The brutal murder of Sarah Everard has shocked everybody in the country and it can’t be a surprise to anyone that the response to it was immediate, passionate and angry. The women who came out on to Clapham Common with candles and flowers to show their anger and sorrow, were acting on behalf of everybody who had heard the news about the murder and was moved and horrified by it. But then the police, having been briefed by Priti Patel, decided to disperse their gentle vigil with unnecessary violence and their actions made the situation infinitely worse. The pictures of a group of bulky policemen pulling a girl to the ground and kneeling on her, were deeply shocking.
But it has led us all to a turning point. Women everywhere are saying it is a disgrace in our day and age that a woman can’t walk down the street without being verbally or physically abused and that it can’t be tolerated any more. They’re quite right, as the majority of us know very well but it has led to newspapers generalising about these awful things and talking and writing as though all men are violent towards women and it has to be said that not all men are violent towards women and there are women who are violent too, towards their children, the animals that have the misfortune to be in their care and old people.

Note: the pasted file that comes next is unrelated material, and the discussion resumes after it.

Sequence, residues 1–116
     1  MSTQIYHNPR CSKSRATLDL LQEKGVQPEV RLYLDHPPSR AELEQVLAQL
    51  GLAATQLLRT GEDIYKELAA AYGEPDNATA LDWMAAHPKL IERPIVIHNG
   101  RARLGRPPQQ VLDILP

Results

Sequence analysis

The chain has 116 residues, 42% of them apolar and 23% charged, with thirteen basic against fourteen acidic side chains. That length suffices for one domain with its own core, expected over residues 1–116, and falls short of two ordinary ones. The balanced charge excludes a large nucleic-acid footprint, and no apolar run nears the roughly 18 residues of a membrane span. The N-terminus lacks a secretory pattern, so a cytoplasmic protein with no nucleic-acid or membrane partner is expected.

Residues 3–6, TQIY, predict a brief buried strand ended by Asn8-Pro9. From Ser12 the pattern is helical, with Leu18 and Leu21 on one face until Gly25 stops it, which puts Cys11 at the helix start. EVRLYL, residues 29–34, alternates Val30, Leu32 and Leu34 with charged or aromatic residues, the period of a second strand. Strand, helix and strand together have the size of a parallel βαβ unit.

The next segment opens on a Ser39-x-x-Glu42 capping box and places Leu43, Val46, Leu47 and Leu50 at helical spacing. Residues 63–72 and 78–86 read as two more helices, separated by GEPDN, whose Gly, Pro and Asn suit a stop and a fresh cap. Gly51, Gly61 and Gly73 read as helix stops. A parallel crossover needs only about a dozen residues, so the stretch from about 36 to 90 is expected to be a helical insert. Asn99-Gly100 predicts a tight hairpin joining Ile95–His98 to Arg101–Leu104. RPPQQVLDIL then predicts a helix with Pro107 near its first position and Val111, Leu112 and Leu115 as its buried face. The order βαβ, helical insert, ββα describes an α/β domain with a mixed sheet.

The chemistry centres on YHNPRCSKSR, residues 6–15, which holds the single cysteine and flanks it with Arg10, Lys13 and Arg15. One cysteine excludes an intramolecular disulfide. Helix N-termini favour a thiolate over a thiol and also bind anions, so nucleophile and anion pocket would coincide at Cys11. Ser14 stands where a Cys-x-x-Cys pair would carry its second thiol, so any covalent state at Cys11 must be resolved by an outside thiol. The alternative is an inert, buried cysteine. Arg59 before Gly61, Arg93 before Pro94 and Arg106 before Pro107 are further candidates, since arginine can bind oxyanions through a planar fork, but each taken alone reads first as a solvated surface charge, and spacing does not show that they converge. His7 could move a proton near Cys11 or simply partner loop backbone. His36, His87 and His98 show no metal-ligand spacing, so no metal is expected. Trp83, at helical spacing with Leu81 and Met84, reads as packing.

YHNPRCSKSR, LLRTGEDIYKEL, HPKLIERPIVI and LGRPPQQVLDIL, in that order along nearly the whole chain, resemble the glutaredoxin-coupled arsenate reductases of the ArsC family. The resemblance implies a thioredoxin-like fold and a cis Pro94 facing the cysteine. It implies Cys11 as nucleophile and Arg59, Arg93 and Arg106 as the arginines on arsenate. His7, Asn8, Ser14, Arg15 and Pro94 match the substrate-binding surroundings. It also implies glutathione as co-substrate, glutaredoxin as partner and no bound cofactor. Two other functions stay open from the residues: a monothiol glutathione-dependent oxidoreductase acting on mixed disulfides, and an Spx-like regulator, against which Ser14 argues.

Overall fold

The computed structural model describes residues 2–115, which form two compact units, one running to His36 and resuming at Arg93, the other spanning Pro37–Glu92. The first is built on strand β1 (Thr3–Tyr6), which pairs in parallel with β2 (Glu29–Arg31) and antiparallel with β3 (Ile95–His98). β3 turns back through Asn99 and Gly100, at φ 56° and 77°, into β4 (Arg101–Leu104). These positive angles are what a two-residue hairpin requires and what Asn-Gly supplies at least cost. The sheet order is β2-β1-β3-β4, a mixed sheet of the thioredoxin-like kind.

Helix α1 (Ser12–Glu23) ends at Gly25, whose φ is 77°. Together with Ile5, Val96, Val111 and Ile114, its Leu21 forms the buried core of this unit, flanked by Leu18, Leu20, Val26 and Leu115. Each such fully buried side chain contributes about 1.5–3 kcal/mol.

Most men are loving and gentle and are as appalled at the violence shown by other men to women passing by on the street and by police on duty to women daring to protest. These things are an abomination and we should all, men and women alike, be opposing them.
For violence is an expression of extreme hatred and most adults who show it have been brought up in such a way that they are full of negative and destructive emotions, jealousy, hatred, and even, terrible though it is to say it, being spoilt brats. For the spoilt brat feels it may do as it pleases and if it is full of hatred that it has every right to express it.
And before anyone tells me I don’t know what I’m talking about – as they well might – let me tell you all that I lived for the first nineteen years of my life with a violent abuser and that it was not male. It was female and as I watched her very carefully all through that time, I gradually learnt what made her tick and why she was so uncontrollably violent. I also know after such a childhood, that these badly warped characters can’t be changed by a law, although the law can be the start of change. They also need to be required to face the people they really are and be brought to the point when they sincerely want to change, and that would take very skilled psychiatric treatment, which would probably need to go on for a considerable time.
There is a job ahead of all of us and we are all involved in it now. And if I’m being provocative then so be it.